Sunday, January 13, 2013

Immediate versus Long-Term Response

It has been quite a long "layoff" over the holidays, which has allowed for more time to generate new thoughts and formulations...both a blessing and a curse given that time and energy are sometimes in short supply.  However, I thought I would begin the 2013 "season" with a shorter and more "global" rant that centers around perspective...which has often been explicitly explored in this blog, but has always been a consistent undercurrent throughout.  Achieving a proper perspective is a difficult task and is arguably very subjective...based on your own value system, environment, and personal "prism" you may have an approach or attitude that varies greatly from others.  However, if things are expressed conceptually, then the eventual outcome will always be the correct one for you.  Concepts (or frameworks) are effectively neutral and therefore should fit universally across most philosophies. 

A fundamental understanding that needs to be established (whether a care-PROVIDER or care-SEEKER) isthe distinction between Immediate response and Long-Term response.  This will ultimately help in being able to effectively identify what is really happening and what specific intervention is the source of the progress.  Given that most people attempt to combine or "marry" multiple interventions together (in the hopes of somehow extracting all the good from each), it is an intelligent strategy to at least have an understanding of how your system will respond to either or all of the specific interventions. 

In order to project this concept more effectively, I will use a familiar therapeutic example to illustrate the paradoxical behaviour that some interventions may exhibit.  I sue the term "paradoxical" because the general conception is that once a specific therapy is implemented, the response will be immediate and manifest in the same way throughout...but this is relatively simplistic and, more importantly, deceptive.

Trans-Fascial Viscoelastic Stimulation
The adjacent photo represents an example of Trans-Fascial Viscoelastic Stimulation (TFVES).  I have detailed the specifics of the technique in this blog before, but it is essentially a manual massage technique that generates many systemic and mechanical benefit and improvement. 

This technique can be implemented across a braod and diverse range of conditions, pathologies, and considerations. If we use the example of a healthy individual complaining of generalized upper back pain and muscular tension, there are indeed a wide range of treatment options...but the understanding of how the body will respond will ultimately guide the care-seeker towards the most realistic and convenient option.  Further, it provides the professional will much more information from which to formulate a treatment strategy.  Using TFVES (this can also be exported to most forms of manual massage), the immediate response is one of reduction in localized muscular tension and a generalizing decrease in pain.  This is a result of an autonomic response from the hypothalamus as well as a mechanical "pumping" of the interstitial fluid that increases lymphatic drainage and a recycling of metabolic waste.  Therefore, the immediate benefit is release.  This essential phenomenon will continue in the initial stages of treatment and will effectively extend throughout the first few weeks of application.  Once this stimulus has been applied consistently for a longer period of time, it will accumulate and solicit mechanical and structural changes within the connective tissue / fascial network.  Through the process of mechanotransduction, the connective tissue (architectural "scaffolding" of the body) will essentially strengthen.  In other words, the architectural / fascial "sub-failure" that resulted in the initial pain and muscualr tension will have been resolved.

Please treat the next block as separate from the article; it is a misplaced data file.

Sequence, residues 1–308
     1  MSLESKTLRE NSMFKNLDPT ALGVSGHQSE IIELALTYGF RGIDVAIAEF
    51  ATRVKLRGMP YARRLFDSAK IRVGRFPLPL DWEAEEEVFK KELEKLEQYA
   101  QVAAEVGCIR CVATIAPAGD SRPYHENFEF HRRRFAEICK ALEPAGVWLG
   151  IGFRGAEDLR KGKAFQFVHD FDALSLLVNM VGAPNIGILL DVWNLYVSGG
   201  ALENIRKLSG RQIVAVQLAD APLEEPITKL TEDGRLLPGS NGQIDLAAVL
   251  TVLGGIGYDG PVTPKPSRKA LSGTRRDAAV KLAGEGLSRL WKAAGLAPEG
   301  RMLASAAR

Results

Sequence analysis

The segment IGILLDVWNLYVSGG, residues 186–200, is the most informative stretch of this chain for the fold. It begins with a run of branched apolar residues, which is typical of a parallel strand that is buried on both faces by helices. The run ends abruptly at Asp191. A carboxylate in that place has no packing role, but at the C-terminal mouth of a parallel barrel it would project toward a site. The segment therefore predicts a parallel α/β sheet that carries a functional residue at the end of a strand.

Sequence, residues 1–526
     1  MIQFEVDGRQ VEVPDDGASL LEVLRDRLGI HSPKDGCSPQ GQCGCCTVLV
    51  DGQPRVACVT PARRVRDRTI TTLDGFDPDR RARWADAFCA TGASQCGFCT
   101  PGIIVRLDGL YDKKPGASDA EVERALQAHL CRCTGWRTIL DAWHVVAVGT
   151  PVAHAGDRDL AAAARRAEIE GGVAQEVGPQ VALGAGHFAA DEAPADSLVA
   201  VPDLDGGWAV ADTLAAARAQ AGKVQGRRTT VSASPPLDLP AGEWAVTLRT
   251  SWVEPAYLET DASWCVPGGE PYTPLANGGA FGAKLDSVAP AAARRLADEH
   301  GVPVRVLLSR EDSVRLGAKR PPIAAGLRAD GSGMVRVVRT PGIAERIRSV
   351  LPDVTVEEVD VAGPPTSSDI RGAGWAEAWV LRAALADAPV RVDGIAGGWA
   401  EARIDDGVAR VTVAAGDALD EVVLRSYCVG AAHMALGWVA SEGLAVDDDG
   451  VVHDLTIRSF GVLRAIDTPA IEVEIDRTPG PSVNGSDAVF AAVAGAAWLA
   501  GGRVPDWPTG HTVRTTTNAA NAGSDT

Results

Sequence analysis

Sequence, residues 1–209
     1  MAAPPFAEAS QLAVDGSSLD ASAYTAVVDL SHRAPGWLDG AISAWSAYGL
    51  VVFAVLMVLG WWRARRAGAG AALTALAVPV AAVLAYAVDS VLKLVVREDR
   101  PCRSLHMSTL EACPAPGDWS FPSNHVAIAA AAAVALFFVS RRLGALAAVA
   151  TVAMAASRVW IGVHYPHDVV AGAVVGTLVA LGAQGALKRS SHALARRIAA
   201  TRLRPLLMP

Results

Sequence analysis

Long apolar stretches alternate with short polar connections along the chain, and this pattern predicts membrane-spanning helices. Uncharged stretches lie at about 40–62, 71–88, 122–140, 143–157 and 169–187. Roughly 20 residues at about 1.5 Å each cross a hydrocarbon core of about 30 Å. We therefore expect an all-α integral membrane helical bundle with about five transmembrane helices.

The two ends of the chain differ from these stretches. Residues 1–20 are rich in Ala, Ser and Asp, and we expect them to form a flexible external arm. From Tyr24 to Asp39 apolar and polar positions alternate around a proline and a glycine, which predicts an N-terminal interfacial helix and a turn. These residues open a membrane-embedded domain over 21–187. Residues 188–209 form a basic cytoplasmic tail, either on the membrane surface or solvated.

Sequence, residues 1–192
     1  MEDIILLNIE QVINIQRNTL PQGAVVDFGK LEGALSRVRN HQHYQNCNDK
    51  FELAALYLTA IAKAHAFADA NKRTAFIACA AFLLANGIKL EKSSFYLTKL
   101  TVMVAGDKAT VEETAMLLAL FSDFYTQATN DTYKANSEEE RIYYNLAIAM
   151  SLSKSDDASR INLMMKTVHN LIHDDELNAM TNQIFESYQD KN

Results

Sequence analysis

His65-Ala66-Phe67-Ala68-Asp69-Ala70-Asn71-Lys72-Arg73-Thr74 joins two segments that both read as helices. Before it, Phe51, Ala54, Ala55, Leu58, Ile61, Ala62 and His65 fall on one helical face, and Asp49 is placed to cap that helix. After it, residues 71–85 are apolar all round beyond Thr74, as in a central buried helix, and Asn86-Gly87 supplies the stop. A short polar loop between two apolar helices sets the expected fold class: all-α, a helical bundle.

Sensory stimulation, promotion of interstitial fluid flow, and increase circulation generate the immediate response of releasing muscualr tension and alleviating some general discomfort whereas the long term response is characterized by a strengthening of the structural architecture which contributes to reduction of injury recurrence and a more stable mechanical system.

This brief rant is, of course, a general overview of a much more complex systemic mechanism...but it should provide some insight into the multiple considerations that need to be examined when seeking / formulating treatment.  Although it can be overwhelming when examined to the extreme, once the general concept has been integrated it is actually quite elegantly simple.  As I have recently read and posted in the blog Facebook page: "Simplicity is the ultimate spohistication".  A well-delivered stimulus that is properly and consistently applied will be sufficient to generate a global systemic response from the body and ultimately contribute to it's development and improvement. 

Cheers and Happy 2013! =)